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Why the great outdoors is so good for children’s health

PUBLISHED: 06:50 15 February 2017

A family enjoying the great outdoors as they roast marshmallows over a campfire. 
Photo: PA Photo/thinkstockphotos.

A family enjoying the great outdoors as they roast marshmallows over a campfire. Photo: PA Photo/thinkstockphotos.

It’s not a word that slips easily off the tongue, friluftsliv, but it’s breezed in from Scandinavia as the latest health aid. It means free air life - in other words getting outdoors as much as you can and communing with nature.

The Famous Five's Survival guide which is based on some of Enid Blyton's original characters.The Famous Five's Survival guide which is based on some of Enid Blyton's original characters.

Medicos have long extolled the virtues of fresh air and vitamin-rich sunshine, and if we try to do without them, it can bring on what is now referred to as nature deficit disorder (NDD), resulting in lethargy, lack of concentration and low moods.

The new f-word comes from Norwegian Borge Dahle’s uninvitingly titled book Nature First: Outdoor Life the Friluftsliv Way, which is nevertheless exciting experts because it says that time spent in the countryside, park or open space decreases anger, depression and tension and is a chance to reflect and reconnect with life.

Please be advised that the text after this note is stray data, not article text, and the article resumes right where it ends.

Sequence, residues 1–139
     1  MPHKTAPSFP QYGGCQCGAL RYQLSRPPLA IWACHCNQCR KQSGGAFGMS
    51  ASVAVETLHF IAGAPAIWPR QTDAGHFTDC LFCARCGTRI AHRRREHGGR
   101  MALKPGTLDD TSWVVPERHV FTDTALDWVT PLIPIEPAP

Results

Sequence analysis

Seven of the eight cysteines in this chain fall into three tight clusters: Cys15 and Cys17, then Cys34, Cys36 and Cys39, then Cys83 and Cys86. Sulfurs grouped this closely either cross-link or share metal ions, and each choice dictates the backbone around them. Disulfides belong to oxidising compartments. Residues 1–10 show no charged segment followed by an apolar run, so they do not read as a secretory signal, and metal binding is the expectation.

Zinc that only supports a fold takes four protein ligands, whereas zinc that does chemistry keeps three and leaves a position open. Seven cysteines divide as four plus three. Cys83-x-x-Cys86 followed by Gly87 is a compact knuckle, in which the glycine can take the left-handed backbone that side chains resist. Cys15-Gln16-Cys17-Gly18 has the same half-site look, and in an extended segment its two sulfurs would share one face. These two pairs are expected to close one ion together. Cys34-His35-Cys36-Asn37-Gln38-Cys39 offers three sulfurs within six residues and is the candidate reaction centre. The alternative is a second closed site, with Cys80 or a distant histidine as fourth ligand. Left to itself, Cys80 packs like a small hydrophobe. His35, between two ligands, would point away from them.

It is something we should note because a survey of 10 countries last year found that British children were among the most housebound in the world. Parents estimated their youngsters spent twice as much time on screens inside as they did playing outside.

It’s all come such a long different way from the days of Enid Blyton’s Famous Five series, the launch of which 75 years ago was celebrated in this paper the other day. The books were fiercely popular because young people at the time could sort of mirror their adventures in real life.

True, the exploits of the Famous Five were rather more exciting and dramatic than ours but, in the holidays and at weekends, we too were packed off early in the day with our bottles of home-made lemonade and Spam sandwiches and not expected to reappear until the evening.

Our gang camped in a small wood alongside the Waveney owned by my friend Ken Kent’s farmer father, lovely riverside land Ken later had registered as an area of outstanding beauty to stave off any chance of development.

It saw plenty of little dramas when we slept under a battered tarpaulin there, occasionally adding a bit of fizz to the old camp fire by tossing on the odd unexploded Nazi incendiary bomb, something that would have given our parents nightmares if they had known. But we came home fit, strong, tired and hungry.

This, minus the high explosives, is the message Borge Dahle and many others are desperate to embue into today’s screen-gorged young people – and their parents. Not only can getting out be fun but it certainly does you good and makes you feel better.

So, could friluftsliv be the new watchword?

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